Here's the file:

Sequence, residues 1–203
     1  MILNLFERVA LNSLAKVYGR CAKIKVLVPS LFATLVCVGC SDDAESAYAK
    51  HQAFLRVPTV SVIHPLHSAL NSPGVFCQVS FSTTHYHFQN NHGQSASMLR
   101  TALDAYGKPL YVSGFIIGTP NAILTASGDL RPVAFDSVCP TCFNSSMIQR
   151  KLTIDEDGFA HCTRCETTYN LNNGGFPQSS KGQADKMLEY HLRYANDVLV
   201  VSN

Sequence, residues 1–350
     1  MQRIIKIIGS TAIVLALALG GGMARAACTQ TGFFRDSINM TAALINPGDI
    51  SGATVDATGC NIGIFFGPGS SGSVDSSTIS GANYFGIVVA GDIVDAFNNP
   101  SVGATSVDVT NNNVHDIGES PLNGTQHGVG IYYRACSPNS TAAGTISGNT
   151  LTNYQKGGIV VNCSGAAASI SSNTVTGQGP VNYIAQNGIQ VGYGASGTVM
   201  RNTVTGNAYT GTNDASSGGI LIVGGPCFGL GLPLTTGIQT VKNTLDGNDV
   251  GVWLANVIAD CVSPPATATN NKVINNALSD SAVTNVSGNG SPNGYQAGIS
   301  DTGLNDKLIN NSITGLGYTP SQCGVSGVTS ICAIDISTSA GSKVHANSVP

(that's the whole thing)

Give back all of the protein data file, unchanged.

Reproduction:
Sequence, residues 1–203
     1  MILNLFERVA LNSLAKVYGR CAKIKVLVPS LFATLVCVGC SDDAESAYAK
    51  HQAFLRVPTV SVIHPLHSAL NSPGVFCQVS FSTTHYHFQN NHGQSASMLR
   101  TALDAYGKPL YVSGFIIGTP NAILTASGDL RPVAFDSVCP TCFNSSMIQR
   151  KLTIDEDGFA HCTRCETTYN LNNGGFPQSS KGQADKMLEY HLRYANDVLV
   201  VSN

Sequence, residues 1–350
     1  MQRIIKIIGS TAIVLALALG GGMARAACTQ TGFFRDSINM TAALINPGDI
    51  SGATVDATGC NIGIFFGPGS SGSVDSSTIS GANYFGIVVA GDIVDAFNNP
   101  SVGATSVDVT NNNVHDIGES PLNGTQHGVG IYYRACSPNS TAAGTISGNT
   151  LTNYQKGGIV VNCSGAAASI SSNTVTGQGP VNYIAQNGIQ VGYGASGTVM
   201  RNTVTGNAYT GTNDASSGGI LIVGGPCFGL GLPLTTGIQT VKNTLDGNDV
   251  GVWLANVIAD CVSPPATATN NKVINNALSD SAVTNVSGNG SPNGYQAGIS
   301  DTGLNDKLIN NSITGLGYTP SQCGVSGVTS ICAIDISTSA GSKVHANSVP